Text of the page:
Managing 20 Investors and Still Having Time to Run the Company

SOOMLA’s most recent seed round was one of the biggest angel rounds in Israel in terms of number of investors. While the Silicon Valley is known for big angel rounds, Israel seed stage investments were traditionally smaller and had less participants.

Identifying potential problems ahead of time

There is a fair bit of advice you can get about investors and deal structure from many people who have been through this path. Most of the advice I received is that big angel rounds can be a huge pain and I should avoid them all together. Here are some of the reasons, people mentioned.

20 cooks in the kitchen – too many opinions

One of the common concerns for entrepreneurs about having many angels is that each one of them has experience in managing companies or operations and they would each have their own opinion about how things should be. I know of at least one company that was literally paralyzed as a result of the CEO having to please everyone.

Risk of a rotten apple – one bad investor can spoil everything

Imagine having an offer to sell the company, 19 investors are ready to do it but one of them shows you a special term in the contract that basically gives him a veto right over the sell. The guy suddenly founds himself with a lot of leverage and can mandate different things in the deal and possibly spoil it for everyone.

Preventing future VC rounds

Venture capital firms and angels often don’t mix well. They usually have different investment goals and horizons and unlike angels, VCs are used to calling the shots and focusing on their own goals.

It’s hard to keep everyone in the loop

Obviously you want to keep as many people as possible in the loop so you can get value from them. However, having a weekly or even a monthly meeting with each one of your investors can become a huge time suck. If you add to that, that you will get 3 intros per month from each one of them, it can easily become a full time job.

Getting the most from your angels

With so many potential problems you might be hesitant about doing an angel round all together. However, angel investors have many benefits as well. This is not the goal of this post so I’ll just go though a few of them quickly:
  • Angels are more visionary and are more likely to invest in something disruptive at an early stage
  • Investors that have experience as entrepreneurs and CEOs can guide you and give valuable advice
  • Private investors are usually ok with smaller outcomes which drastically increases your chances of having an outcome at all
Unlocking this added value and avoiding the problems requires an effective way to manage them.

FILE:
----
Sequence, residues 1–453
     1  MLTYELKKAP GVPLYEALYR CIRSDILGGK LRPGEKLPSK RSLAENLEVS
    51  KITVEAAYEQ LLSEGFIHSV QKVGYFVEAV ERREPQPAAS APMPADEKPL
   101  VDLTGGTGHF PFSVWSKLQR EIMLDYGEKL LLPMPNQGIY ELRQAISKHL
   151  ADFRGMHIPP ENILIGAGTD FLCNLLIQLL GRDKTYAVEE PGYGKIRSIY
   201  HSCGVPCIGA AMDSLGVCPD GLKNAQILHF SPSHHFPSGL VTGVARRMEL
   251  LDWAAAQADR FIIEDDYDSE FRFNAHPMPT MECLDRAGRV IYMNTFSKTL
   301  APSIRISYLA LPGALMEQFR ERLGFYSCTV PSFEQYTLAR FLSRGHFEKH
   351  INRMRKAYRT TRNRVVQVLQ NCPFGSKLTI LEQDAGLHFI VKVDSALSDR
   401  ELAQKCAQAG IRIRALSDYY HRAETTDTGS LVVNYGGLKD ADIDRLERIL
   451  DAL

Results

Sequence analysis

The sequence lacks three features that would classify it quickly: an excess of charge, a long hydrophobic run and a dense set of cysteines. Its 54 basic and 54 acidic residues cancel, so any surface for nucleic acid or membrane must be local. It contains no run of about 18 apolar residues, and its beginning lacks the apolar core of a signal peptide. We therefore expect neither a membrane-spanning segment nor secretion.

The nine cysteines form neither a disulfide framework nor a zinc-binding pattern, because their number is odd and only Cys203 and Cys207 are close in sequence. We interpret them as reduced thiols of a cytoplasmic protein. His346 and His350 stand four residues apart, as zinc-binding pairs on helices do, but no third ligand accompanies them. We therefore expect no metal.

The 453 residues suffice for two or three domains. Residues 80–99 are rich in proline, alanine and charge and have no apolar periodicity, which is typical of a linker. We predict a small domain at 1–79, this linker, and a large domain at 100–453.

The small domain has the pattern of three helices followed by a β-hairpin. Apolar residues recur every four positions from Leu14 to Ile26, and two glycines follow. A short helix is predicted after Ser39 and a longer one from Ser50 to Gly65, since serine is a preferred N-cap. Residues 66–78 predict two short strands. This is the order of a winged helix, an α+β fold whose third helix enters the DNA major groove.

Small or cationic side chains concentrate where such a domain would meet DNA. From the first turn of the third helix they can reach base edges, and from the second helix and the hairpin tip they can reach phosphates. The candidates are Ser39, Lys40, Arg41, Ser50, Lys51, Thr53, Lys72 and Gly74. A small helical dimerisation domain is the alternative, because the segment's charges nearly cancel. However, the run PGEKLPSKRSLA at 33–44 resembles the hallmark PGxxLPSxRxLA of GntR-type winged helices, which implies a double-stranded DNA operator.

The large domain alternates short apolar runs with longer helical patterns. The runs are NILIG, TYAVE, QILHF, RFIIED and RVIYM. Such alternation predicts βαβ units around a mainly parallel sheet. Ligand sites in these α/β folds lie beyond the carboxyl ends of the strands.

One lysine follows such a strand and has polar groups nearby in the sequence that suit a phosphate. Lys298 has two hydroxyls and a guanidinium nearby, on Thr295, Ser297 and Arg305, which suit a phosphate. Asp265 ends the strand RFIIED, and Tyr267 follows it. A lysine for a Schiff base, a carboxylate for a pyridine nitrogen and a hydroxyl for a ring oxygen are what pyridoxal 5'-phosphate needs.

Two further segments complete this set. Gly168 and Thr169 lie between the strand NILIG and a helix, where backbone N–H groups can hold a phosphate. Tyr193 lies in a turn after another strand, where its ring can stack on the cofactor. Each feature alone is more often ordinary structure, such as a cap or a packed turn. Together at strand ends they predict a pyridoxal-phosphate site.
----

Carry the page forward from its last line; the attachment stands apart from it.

Round structure – give defensive rights but no control provisions

This one is easier said than done since many investors will argue that they need to have control over future financing, sell of the company and sometimes even expenses. This can work with one angel but certainly not with 20. We were very strict about this from day one even at the expense of valuation.

Vet each one of your investors by calling his portfolio companiesManaging big angel groups can be a challenge due to large number of opinions and time required for updates. Using a tiered approach helps.

This is a good practice with any type of major business relationship: hiring, partnerships and investments. Investors are engagements that are hard to break later on so you should invest in due diligence on them.

Grouping investors with proxies

Think about it as a tiered approach for managing investors. 16 of our investors signed a proxy to one of the other 4. This way, if you want to sell the company and one of your investors is currently in 6 months trip in Nepal, you can still do it. It also creates a structure of tiers.

Update major investors and give them the tools to update others

This one took us a bit of time to figure out but eventually we developed a system where the board members get a direct update during the board meetings and then each one of them sends the presentation to all the investors proxied to him. This way, the comments and questions are done with the other board members. There are 2 main benefits, your board members become more engaged and spend more time thinking about your business and at the same time your hands are more free to run your company.
Hope this resources helps more of you to pull off big angel round. It’s a great alternative to VC funding and as you know the more options the lower the risk.
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